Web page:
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[Audio] So, You’ve Outraged the Internet. Here’s How to Apologize.

Bustle CEO Bryan Goldberg is a man who runs a website aimed at women — and from the get-go that made some people wary. And then Goldberg, feeling the energy of an exciting startup launch, put his foot in his mouth, proclaiming on PandoDaily that “women’s publishers have completely lost sight of which decade their readers are living in.” Oh, boy.

The Holidays ' A Season for Sharing

We've all seen it, a news feed or Twitter stream full of promotional verbiage like: Check out these great deals Click here for this season's best offer Our biggest holiday sale By now, most consumers are numb to this type of marketing speak, which makes cutting through the holiday noise even harder. Yes, we said holiday. Thankfully, the first frost has not made its way to our front yards just yet, but in order to ensure success this holiday season, now is the time to be developing a thoughtful social media strategy and cultivating brand affinity. According to the basic principles of Public Relations, people consume media to fulfill four primary objectives: to be informed, to be entertained, to feel a sense of belonging, and to develop opinions. Social media is no different. Since 1998, research providers, Edison Research and Arbitron have been conducting surveys about how people use the Internet. With the unveiling of their 2012 Social Habit study, 'How Americans Really Use Social Media,'? it seems not much about human nature has changed. The number-one reason Americans polled follow brands online is for sales/discounts/coupons. Other reasons for following include: To stay informed about new products For 'content/ideas" For 'news/information" For  'humorous/entertaining content" While it is no surprise that a consumer's desire to receive discounts and special offers was the top reason for 'liking'? a brand, brands should take notice that users also want to be entertained, and many look to follow brands and share posts that have engaging content. Thus, the secret to standing out on social media this holiday season and beyond is to be entertaining. Get in the holiday spirit by keeping it real. The most successful social brands are those that approach social media like a human interacting with a human; they are transparent, authentic, relevant, and consistent. So how do we roll that into one big ball of entertainment that gets fans, followers, and likers talking? Think outside the box. Here are a few ideas to help you start building your holiday momentum early. Offer advice to common holiday challenges and ask users about their challenges Encourage user-generated content ' what was your best childhood Halloween costume or photo of best Black Friday buy Make use of reality ' encourage users to upload real-time shopping updates, photos of favorite purchases, etc. Encourage new and old customers to review your brand and products ' users rely on other users Social giving ' do it and encourage it ' Share how your brand is giving back to the community and how your brand followers are doing the same Fun contests and giveaways ' everyone loves free stuff, especially when it's a surprise or reward for positive engagement Themed countdowns ' Give users something to look forward to, other than quality time with the family and presents Social media is a channel to help brands pull back the curtain and let customers connect with brands on a more personal level. Holiday social media engagement shouldn't be limited to a few months of flash sales; it should be a year round relationship. Using the holiday season to encourage engagement could also help build bigger engagement overall. It's important to keep in mind that  if you are going to launch something new for holiday that you are able to sustain it throughout the year to yield the greatest benefits. Happy sharing!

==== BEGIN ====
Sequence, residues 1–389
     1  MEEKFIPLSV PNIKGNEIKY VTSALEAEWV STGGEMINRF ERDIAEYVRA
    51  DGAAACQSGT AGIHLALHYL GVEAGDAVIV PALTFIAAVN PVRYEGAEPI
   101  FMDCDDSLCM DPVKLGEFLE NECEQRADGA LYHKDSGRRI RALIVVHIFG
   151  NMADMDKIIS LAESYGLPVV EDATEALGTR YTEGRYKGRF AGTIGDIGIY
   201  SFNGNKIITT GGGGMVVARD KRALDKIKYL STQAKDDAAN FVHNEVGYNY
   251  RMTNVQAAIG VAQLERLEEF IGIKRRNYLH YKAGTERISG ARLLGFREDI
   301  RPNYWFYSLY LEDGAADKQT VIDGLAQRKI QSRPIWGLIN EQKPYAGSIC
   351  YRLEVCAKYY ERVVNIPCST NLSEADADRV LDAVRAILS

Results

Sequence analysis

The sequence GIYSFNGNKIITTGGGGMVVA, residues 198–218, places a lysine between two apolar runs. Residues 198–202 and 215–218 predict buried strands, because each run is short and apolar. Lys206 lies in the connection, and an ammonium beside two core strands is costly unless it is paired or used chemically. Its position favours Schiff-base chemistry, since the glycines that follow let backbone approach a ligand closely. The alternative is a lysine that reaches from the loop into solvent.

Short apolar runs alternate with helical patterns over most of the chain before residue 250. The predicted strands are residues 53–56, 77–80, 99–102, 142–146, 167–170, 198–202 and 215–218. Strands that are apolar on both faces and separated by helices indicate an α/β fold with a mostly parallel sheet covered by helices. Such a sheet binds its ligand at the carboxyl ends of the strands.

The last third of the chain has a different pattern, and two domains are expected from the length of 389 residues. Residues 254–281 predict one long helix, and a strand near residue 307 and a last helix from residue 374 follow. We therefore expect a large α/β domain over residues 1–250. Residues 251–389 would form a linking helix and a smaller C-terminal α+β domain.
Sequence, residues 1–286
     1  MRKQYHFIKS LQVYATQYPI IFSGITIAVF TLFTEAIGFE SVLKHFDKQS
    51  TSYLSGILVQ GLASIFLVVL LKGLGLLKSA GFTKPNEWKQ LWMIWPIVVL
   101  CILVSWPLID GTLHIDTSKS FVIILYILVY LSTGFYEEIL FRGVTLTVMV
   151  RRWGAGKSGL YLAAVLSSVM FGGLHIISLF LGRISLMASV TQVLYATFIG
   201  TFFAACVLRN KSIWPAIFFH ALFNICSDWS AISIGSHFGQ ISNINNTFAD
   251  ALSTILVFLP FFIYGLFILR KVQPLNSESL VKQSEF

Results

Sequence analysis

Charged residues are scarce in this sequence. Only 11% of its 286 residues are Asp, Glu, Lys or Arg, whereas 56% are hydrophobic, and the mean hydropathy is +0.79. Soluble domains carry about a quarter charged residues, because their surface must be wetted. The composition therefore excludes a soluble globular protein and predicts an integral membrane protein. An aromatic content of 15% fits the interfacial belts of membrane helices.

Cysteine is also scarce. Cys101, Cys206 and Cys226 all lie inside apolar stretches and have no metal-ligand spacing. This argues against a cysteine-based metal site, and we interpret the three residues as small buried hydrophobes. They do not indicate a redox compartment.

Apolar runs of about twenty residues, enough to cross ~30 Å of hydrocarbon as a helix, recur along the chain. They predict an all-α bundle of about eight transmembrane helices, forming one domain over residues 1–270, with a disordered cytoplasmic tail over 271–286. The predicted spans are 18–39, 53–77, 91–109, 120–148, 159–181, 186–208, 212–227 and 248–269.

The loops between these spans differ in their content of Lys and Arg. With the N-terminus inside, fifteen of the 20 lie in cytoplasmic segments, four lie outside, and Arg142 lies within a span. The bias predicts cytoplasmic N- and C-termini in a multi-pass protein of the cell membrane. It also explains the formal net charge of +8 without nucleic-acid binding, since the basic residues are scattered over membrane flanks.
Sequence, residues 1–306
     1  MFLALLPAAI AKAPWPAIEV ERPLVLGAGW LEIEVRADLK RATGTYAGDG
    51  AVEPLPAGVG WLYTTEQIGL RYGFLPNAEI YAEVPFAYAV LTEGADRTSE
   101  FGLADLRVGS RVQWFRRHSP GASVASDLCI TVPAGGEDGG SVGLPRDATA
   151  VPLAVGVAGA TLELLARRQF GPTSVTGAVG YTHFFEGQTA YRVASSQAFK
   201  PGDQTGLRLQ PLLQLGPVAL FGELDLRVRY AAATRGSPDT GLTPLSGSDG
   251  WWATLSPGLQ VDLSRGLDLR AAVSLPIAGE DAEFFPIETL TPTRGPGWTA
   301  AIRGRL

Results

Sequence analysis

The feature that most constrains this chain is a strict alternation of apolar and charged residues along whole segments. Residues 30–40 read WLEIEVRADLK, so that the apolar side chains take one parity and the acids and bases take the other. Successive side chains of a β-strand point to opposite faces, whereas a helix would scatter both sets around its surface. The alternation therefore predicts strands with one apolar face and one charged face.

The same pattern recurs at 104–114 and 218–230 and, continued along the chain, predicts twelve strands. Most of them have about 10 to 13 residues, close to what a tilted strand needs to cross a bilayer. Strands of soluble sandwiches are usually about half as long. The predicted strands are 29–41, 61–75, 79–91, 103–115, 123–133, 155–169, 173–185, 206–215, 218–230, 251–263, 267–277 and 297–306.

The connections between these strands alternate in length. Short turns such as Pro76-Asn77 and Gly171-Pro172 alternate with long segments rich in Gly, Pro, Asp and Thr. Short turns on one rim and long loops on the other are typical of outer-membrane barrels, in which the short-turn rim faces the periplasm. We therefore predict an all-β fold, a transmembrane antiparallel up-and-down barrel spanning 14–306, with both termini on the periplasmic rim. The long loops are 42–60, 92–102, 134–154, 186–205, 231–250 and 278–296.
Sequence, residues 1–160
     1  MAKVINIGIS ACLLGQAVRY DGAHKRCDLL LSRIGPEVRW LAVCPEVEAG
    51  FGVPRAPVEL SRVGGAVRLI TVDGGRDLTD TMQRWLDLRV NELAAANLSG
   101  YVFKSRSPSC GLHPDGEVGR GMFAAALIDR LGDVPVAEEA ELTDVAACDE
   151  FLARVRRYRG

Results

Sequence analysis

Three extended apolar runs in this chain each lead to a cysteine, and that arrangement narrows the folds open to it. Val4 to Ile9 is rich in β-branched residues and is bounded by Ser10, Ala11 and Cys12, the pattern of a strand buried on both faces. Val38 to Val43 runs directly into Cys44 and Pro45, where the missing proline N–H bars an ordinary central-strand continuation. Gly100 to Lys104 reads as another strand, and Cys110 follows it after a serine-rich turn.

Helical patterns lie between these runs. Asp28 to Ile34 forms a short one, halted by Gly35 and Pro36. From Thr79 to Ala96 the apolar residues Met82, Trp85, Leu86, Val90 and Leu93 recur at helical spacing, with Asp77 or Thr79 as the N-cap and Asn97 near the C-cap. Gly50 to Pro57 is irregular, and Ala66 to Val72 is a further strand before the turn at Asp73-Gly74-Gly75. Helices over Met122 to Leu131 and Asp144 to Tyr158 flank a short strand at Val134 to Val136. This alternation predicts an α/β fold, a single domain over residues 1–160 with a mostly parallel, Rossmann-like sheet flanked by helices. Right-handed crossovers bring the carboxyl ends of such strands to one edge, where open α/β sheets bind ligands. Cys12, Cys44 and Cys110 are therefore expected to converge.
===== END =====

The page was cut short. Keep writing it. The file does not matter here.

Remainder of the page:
Three Lessons From McDonald's: #Winner in the Face of Adversity